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Wednesday, October 29, 2014
Avery Courtyard – Avery House

Fall Family Festival

Friday, October 17, 2014
Center for Student Services 360 (Workshop Space) – Center for Student Services

TA Training: fall make-up session

Seismology and Resilient Infrastructure: An Interview with Domniki Asimaki

Building homes and other solid structures on a dynamic, changing earth can be a very big challenge. Since we can't prevent an earthquake or a tsunami from happening, scientists strive to understand the impacts of these forces, and structural engineers try to build infrastructure that can survive them. And that intersection is where the work of Domniki Asimaki comes in.

Asimaki, professor of mechanical and civil engineering in the Division of Engineering and Applied Science, is interested in the behavior of geotechnical systems under the influence of forces such as wind, waves, and seismological activity. Using this information, she hopes to make predictive computer models that can lead to the design of an infrastructure that is resilient to natural and man-made hazards. The effects of natural forces on man-made structures can also help in the cost-effective design of infrastructure for sustainable energy harvesting such as offshore wind farms—a promising green energy solution.

Born in Greece, Asimaki earned her bachelor's degree from the National Technical University of Athens before heading to MIT for both her master's and doctoral degrees.

Although Asimaki only joined the Caltech faculty in August, she has been thinking about moving to Pasadena since her first trip to campus a decade ago. Recently, she spoke about her work, her hobbies, and what it's like to finally be at Caltech.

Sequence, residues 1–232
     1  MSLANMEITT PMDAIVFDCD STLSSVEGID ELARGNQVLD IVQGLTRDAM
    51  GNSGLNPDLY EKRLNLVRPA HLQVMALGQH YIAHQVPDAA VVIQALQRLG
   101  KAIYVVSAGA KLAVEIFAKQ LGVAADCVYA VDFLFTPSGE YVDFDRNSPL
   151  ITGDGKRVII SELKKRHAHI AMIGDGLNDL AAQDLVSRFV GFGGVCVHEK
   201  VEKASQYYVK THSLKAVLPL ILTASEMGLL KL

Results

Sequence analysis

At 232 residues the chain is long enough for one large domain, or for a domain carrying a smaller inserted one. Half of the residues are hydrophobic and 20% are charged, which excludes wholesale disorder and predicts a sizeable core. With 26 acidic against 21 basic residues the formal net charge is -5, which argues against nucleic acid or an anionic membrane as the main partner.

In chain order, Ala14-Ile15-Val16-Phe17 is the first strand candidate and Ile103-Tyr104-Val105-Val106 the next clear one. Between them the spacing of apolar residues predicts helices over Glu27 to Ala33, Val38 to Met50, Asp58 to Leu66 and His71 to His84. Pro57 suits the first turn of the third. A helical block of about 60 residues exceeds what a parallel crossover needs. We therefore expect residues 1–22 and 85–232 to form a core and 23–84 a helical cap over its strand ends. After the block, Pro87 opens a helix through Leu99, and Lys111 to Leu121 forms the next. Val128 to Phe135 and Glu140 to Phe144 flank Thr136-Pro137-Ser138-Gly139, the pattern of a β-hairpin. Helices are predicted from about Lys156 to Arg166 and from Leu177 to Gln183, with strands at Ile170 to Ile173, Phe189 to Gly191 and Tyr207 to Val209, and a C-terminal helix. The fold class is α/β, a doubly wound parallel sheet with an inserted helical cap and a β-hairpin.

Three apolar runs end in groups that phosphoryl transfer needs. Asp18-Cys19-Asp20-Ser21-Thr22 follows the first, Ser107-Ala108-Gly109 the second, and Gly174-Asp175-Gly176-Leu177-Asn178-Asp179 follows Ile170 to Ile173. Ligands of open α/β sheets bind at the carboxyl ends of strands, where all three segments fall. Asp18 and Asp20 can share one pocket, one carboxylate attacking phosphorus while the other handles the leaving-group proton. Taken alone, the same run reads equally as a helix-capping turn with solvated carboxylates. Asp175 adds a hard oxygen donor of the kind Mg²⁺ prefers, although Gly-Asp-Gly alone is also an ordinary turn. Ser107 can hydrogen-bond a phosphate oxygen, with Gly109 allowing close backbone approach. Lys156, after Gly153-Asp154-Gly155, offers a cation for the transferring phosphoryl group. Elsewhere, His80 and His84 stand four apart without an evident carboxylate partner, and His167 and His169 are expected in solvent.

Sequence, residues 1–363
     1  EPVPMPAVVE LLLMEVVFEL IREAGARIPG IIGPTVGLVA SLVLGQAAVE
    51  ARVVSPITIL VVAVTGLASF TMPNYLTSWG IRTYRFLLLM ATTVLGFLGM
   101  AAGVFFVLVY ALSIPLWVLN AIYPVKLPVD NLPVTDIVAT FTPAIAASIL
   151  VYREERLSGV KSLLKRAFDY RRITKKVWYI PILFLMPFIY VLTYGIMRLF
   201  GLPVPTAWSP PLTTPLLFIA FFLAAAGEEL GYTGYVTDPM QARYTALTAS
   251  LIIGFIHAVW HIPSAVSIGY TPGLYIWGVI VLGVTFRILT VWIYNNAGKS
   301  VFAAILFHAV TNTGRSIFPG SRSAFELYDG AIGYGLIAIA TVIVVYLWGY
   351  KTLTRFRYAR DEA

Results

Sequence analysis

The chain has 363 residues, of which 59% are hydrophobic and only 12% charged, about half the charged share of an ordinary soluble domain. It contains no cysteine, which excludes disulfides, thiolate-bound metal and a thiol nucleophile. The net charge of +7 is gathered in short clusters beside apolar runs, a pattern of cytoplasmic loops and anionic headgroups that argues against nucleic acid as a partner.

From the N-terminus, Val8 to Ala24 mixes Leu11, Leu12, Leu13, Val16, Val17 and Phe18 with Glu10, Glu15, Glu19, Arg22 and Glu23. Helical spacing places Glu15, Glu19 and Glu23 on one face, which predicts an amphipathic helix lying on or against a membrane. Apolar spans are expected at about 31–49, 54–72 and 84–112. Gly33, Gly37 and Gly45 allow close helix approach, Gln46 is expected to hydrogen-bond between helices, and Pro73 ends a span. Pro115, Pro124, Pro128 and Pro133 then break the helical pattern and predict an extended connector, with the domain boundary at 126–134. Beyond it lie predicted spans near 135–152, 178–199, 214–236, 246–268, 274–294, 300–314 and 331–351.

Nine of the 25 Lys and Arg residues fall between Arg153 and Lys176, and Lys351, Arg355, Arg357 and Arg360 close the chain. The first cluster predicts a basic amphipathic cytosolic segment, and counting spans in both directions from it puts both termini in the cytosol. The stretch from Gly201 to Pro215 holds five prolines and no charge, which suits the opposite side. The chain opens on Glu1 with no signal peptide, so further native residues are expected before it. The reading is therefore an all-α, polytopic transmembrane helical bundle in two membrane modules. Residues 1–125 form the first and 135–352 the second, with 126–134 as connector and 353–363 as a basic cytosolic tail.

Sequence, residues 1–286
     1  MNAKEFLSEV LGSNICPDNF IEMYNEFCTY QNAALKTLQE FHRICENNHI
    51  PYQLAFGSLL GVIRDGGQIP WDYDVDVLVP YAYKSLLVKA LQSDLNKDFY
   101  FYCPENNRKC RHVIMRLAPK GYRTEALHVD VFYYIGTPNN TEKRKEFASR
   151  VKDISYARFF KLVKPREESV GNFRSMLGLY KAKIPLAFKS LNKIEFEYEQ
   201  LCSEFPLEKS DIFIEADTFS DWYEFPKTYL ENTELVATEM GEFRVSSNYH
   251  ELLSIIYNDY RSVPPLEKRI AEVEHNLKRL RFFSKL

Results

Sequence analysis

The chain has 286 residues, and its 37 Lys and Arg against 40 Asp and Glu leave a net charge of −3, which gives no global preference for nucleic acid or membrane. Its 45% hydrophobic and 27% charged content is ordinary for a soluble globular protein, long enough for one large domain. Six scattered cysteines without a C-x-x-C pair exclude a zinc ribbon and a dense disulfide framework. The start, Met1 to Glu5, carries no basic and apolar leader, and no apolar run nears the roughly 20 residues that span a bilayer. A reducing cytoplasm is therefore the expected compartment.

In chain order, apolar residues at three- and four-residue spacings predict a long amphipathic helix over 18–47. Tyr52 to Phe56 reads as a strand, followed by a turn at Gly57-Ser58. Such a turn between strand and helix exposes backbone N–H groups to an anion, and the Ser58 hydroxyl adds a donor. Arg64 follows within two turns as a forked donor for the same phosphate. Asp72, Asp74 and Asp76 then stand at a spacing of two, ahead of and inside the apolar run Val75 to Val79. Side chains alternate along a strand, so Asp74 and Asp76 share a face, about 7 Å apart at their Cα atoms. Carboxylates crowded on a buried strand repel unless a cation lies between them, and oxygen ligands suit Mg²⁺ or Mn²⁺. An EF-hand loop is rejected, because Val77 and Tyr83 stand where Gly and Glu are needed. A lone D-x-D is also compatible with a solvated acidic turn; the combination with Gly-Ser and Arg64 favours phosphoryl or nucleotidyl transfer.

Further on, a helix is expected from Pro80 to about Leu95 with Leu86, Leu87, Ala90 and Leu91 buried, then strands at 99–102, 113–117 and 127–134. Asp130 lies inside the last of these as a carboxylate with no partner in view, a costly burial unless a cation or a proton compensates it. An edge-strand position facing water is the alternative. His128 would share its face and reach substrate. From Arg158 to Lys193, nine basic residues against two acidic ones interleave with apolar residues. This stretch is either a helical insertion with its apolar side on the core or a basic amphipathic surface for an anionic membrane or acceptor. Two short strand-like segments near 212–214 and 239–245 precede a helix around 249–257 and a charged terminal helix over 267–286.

What will you be working on at Caltech?

I am interested in the response of soils and foundations to dynamic loading, with emphasis on earthquakes. The work exists at the interface between civil engineering and earth and atmospheric sciences. Specifically for seismic loading, my research is trying to translate the output from simulations done by seismologists into input that engineers can use to design stronger structures.

In general, geotechnical engineering is an old field. Now we know a lot more about how soils behave, and that extends from the foundations of a house to the foundations of a bridge to nuclear reactors to dams. But that knowledge has been disconnected from advancements in earth sciences, and this gap has, in turn, hindered the integration of these advancements into structural design practices. I think it's an area of opportunity.

 

How does this work provide a link between the scientists and structural engineers?

Traditionally, structural engineers designed buildings using empirical data—like actual data from a previous earthquake. Today, with more than half of the global population concentrated in areas prone not only to major earthquakes but also to severe droughts and more extreme climatic events such as sea-level rise, there is an ever-increasing need to improve these empirical models, incorporate new, sustainable construction materials, and to build stronger, more resilient urban environments. I think the big promise of seismological modeling is that rather than using empirical data to make decisions about which ground motions buildings should be designed against in the future, we can actually run real earthquake scenarios in a simulation.